At the end of 1970s, the German-speaking community in Kuala Lumpur began to think that, in addition to the numerous international schools run by the American and the British, a German-language educational institution would also be useful. So in September 1978, the German School Association Malaysia is founded with 25 members. The first president is Peter Thomas.
First day of school
On 8 January 1979, the German School Kuala Lumpur (DSKL) celebrates its first day of school with grades 1 to 3. It has exactly three students on its founding day: a girl from Port Klang and a girl and a boy from Kuala Lumpur. The latter is the son of a teacher, Mrs. Maybaum. The DSKL opens its doors in a landed house in Petaling Jaya. The classroom is a study room adjoining the living room.
Under the direction of Sybille Thomas, the kindergarten is founded at the same time. The members of the school association improvise a lot, because teaching materials are particularly rare. But they showed self-confidence: At the beginning of the second school year, the Central Agency for Schools Abroad (ZfA) sent the desired teacher. Classrooms were rented in a larger house in Damansara Heights and thirteen students were taught in grades 2 to 5. Klaus Weckesser became the first principal of DSKL.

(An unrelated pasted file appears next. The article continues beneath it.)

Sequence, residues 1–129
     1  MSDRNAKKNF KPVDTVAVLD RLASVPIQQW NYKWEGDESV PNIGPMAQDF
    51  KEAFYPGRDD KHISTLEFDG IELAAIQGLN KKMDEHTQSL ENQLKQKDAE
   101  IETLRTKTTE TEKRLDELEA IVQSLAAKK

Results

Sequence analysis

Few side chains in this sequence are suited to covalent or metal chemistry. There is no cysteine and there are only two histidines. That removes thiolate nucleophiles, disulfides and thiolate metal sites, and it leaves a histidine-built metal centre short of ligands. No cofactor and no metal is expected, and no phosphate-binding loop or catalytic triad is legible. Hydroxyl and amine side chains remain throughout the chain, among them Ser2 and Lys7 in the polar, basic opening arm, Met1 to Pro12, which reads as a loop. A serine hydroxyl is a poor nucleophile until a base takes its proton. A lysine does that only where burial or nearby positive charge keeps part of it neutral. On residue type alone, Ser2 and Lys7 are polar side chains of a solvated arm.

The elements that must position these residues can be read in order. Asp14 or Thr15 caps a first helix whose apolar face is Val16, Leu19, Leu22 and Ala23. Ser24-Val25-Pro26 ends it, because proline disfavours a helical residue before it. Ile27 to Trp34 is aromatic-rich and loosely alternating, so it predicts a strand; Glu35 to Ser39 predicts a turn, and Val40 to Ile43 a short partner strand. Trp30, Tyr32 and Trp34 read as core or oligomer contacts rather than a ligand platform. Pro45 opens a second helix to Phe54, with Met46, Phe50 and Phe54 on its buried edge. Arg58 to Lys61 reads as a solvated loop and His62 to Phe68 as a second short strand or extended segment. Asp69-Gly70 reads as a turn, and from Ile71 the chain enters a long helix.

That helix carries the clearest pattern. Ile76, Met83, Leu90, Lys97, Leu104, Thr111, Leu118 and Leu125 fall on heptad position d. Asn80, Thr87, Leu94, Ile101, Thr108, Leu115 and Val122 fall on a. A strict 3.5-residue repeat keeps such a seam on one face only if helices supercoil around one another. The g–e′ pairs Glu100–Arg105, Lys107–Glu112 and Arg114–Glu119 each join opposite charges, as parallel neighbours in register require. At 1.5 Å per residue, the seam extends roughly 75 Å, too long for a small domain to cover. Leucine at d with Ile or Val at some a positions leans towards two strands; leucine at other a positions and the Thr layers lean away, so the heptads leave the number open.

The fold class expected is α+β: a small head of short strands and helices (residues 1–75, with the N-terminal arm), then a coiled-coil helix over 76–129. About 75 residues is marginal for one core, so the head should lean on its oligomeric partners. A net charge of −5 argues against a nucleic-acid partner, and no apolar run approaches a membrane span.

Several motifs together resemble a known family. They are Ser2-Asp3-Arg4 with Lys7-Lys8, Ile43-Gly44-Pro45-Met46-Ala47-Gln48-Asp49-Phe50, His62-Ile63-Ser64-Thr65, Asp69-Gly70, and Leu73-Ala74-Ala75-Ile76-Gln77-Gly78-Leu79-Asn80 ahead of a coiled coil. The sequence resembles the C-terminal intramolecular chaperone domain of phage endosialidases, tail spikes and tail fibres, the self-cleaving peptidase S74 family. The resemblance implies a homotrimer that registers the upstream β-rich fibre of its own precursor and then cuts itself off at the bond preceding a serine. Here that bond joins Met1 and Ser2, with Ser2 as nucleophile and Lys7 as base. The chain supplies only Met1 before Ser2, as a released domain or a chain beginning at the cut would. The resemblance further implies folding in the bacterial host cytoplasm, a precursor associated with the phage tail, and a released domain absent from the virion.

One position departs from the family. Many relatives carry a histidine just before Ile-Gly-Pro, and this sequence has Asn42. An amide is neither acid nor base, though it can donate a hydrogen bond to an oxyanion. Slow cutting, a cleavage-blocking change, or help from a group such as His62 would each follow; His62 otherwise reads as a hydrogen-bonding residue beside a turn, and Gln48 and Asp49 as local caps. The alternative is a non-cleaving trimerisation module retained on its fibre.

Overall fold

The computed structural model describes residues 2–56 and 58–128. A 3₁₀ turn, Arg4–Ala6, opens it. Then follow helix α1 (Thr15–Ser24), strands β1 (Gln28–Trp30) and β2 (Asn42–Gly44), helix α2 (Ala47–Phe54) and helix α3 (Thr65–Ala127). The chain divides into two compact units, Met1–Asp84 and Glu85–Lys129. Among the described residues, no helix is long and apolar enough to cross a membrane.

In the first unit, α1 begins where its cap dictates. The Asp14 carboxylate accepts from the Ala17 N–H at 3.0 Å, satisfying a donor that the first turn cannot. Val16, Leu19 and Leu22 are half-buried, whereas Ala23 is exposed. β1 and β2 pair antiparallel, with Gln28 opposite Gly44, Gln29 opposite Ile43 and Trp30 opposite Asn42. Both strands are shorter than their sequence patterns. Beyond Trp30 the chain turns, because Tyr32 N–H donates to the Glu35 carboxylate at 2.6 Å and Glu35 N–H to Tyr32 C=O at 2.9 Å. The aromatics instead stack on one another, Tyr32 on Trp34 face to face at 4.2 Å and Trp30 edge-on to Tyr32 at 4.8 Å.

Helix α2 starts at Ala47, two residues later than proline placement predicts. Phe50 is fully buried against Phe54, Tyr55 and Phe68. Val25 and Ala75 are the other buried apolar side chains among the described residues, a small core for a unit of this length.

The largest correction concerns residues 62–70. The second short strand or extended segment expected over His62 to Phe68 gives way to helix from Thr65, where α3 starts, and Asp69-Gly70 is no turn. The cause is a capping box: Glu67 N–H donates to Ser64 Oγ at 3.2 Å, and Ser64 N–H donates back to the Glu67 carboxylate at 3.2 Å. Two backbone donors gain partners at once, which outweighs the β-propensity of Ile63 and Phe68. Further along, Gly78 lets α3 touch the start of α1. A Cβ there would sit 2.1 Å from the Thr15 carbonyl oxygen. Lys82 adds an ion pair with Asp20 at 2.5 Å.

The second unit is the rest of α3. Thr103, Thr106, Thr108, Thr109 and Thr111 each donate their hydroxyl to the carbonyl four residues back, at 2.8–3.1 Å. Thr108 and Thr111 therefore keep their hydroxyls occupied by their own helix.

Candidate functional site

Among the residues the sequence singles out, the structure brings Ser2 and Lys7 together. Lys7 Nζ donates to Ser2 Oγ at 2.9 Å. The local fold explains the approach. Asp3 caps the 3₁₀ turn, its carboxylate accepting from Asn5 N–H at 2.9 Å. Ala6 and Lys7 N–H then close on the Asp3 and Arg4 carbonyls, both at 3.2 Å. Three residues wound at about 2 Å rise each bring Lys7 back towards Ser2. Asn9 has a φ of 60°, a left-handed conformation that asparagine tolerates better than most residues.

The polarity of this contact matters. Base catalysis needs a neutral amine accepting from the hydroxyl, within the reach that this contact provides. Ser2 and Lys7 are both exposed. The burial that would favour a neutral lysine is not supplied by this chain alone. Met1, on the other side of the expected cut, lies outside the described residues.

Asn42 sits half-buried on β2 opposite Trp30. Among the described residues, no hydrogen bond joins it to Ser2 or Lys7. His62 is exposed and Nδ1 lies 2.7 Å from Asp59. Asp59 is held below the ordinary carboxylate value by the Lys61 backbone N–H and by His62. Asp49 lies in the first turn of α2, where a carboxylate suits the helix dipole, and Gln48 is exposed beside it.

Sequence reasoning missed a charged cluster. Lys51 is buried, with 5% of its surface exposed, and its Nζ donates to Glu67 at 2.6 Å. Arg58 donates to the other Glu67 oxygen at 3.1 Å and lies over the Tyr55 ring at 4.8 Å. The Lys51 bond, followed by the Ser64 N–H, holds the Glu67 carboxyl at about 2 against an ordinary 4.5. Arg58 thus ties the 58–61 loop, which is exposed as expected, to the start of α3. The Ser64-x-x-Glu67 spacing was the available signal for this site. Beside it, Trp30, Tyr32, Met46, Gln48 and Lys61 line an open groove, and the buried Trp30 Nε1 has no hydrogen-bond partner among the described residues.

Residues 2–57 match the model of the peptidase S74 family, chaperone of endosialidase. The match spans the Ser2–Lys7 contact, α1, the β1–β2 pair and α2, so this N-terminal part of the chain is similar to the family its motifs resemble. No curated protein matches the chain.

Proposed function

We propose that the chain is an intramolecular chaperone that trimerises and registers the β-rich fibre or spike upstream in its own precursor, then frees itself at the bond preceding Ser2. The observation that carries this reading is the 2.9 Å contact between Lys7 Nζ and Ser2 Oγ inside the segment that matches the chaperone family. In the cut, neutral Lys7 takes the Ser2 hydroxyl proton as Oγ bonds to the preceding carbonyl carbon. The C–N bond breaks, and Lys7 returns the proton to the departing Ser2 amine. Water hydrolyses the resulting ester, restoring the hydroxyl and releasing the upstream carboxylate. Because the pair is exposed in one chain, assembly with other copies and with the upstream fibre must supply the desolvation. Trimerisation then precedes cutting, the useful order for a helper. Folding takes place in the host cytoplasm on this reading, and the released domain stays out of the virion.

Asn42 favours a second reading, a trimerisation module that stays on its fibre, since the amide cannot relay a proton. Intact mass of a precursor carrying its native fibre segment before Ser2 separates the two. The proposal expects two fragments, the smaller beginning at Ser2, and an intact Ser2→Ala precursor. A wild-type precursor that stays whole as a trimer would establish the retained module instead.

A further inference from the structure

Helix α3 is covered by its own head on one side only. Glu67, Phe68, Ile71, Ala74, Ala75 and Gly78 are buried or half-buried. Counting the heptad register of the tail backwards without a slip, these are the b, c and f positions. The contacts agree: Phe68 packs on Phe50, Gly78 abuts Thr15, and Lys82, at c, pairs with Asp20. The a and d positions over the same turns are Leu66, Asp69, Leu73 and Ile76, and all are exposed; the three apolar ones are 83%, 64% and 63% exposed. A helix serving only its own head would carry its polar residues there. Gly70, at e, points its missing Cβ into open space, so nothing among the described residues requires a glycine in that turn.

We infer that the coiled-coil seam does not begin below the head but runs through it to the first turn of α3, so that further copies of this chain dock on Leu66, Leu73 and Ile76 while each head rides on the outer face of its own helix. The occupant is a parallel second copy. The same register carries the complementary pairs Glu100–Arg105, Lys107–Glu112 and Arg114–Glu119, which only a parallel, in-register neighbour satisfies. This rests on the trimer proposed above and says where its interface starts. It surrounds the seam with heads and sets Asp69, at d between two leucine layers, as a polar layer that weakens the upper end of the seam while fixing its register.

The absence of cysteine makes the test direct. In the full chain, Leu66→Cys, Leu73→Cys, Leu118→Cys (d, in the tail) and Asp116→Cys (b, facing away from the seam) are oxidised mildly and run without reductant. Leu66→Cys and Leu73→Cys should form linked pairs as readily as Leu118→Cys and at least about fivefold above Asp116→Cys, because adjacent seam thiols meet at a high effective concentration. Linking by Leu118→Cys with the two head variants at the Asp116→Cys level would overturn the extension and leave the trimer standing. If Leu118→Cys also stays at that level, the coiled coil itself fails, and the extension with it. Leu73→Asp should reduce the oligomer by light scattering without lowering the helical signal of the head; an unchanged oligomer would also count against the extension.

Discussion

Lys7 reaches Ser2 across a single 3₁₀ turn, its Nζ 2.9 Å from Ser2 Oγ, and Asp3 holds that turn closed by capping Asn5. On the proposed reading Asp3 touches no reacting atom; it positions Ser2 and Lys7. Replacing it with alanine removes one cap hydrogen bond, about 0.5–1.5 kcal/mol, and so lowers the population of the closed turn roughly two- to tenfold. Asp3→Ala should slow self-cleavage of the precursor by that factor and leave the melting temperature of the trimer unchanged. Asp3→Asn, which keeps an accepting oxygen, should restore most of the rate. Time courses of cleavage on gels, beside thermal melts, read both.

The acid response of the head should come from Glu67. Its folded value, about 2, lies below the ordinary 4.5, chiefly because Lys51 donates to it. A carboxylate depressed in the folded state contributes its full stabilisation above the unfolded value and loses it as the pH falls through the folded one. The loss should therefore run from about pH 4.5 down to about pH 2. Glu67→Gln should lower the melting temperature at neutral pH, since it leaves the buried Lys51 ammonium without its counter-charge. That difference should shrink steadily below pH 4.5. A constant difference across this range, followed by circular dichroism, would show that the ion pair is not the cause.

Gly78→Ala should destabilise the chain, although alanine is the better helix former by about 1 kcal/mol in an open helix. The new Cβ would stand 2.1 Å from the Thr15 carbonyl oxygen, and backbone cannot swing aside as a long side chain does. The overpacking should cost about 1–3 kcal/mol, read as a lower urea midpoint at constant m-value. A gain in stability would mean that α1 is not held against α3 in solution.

After three years, in the summer of 1982, the school has to move again due to lack of space. The new home is in Petaling Jaya, Section 14, in the building next door to our current kindergarten. The school now has 33 students, divided into eight classes. It is taught according to the Bremen curriculum.
The kindergarten also grows steadily, resulted with a preschool with ten children founded in 1985. A year later, DSKL sets its next milestone with two 10th grade graduates. The year 1986 marked the establishment of a school bus service, which is needed due to the increased number of students.
In 1988, exactly ten years after its founding, the School Association’s Board of Directors holds its 100th board meeting.
Eight personal computers discarded by a local global corporation mark the DSKL’s entry into the IT age in 1990: the school set up a computer room. In the first few years, they mainly serve as a replacement for typewriter, and while today’s terms such as “search engine” or “Internet research” still seem like foreign words, DSKL is ahead of its time here.
However, one problem is becoming increasingly urgent: the room situation. Although the building at Jalan 14/54 has a lot of rooms, it is far too small for a growing number of students to become classrooms. In 1996, after an intensive search, DSKL is able to move into its new school building, where it is still located today. Ironically, although the rooms in the building at Lorong Utara B are initially huge, there are too few of them. Without further ado, lightweight walls were erected to create more classrooms. This is how the brightness of DSKL rooms is created. In addition, the school now rented a Sport Hall in Cobra Club which is located next to DSKL. For 16 years, there had only been physical education classes in a small schoolyard.